We interviewed three service users with ID and three clinical psychologists, representing both genders, a range of ages, different levels of working experience for the clinicians, and different levels of ID for the service users.

The service users were recruited from a sample of participants who had previously taken part in a computerised therapy skills training session (Vereenooghe et al., 2016). Service users had confirmed ID from their care coordinator (doctor or psychologist), were over 18 years old, and had sufficient verbal and cognitive skills to understand both the purpose of the research and to give informed consent. We approached five service users with ID to take part in our interviews, but only three of them, a man and two women (described in Table 1), were able to give sufficient verbal responses for analysis. The three service users differed considerably in their verbal ability and response length.

We also interviewed three clinical psychologists (one man and two women) who had experience working with people with ID across all ages (Table 2).

Table 1. Service User Characteristics.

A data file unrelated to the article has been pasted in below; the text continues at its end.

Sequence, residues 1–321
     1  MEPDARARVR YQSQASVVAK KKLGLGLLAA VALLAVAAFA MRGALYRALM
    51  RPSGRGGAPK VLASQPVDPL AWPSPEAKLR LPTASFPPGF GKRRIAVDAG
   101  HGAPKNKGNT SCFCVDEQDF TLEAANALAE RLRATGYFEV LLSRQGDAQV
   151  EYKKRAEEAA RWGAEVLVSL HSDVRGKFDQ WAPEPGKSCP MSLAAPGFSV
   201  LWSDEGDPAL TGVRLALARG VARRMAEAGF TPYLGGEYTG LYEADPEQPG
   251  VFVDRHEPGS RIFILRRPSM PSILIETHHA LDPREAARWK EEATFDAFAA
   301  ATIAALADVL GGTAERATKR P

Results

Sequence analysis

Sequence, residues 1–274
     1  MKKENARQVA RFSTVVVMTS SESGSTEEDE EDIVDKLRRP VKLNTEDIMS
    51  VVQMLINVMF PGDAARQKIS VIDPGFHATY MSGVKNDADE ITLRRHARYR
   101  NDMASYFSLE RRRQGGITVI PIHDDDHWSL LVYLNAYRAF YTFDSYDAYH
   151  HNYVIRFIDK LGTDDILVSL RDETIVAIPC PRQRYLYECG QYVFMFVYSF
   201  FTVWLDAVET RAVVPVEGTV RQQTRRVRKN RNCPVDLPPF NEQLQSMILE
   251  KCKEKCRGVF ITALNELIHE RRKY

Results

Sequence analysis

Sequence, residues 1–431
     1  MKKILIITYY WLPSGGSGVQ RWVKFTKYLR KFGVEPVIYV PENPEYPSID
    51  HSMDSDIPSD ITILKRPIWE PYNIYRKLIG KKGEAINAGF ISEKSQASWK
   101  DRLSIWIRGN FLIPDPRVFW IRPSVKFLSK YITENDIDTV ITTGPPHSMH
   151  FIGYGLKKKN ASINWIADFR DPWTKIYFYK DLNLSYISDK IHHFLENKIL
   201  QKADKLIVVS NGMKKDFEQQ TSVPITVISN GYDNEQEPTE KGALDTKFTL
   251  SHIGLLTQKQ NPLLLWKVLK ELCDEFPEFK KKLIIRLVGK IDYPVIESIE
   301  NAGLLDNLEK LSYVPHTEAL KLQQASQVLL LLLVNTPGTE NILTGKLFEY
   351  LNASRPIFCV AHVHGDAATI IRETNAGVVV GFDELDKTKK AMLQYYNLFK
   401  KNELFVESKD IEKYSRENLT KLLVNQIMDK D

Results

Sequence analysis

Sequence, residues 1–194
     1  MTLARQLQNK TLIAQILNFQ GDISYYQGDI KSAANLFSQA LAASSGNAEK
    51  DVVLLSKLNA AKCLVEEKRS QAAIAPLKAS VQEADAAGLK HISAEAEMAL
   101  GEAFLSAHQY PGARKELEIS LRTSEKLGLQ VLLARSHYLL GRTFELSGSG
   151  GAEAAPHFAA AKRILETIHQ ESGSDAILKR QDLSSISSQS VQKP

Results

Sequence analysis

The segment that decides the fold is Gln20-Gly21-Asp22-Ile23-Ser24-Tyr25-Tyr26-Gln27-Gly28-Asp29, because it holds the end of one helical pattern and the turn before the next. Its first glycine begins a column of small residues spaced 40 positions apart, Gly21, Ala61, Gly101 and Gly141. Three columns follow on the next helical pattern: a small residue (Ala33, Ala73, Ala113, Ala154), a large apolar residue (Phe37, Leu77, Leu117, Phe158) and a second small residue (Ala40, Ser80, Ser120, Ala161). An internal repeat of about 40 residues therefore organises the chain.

User (U)



Full-scale IQ

Verbal IQ

Familiarity with computers






Owns a desktop and a smartphone






Owns a tablet and a smartphone






Owns a laptop and a smartphone

Table 2. Clinician Characteristics.

Clinician (C)



Area of work with ID

Years work with ID

Use of computers in therapy






Tablet to show videos










Children and Young People


Emailing and playing the child’s own computer games

Data Collection

As computer programmes are not currently used in routine therapy services for people with ID, the interview questions for both service users and clinical psychologists intended to elicit their views regarding the potential of computers, in terms of a) their desired functions and benefits, b) anticipated challenges and barriers, and c) important design features, to be used for therapy with people with ID. The interviews took 30-45 minutes to complete and took place in either a quiet room at the day service for the service users or at their workplace for the clinicians. The interviews were recorded using a digital voice recorder and field notes were taken during and after the interviews with notable non-verbal interactions and points of interest to be considered during the data analysis and interpretation.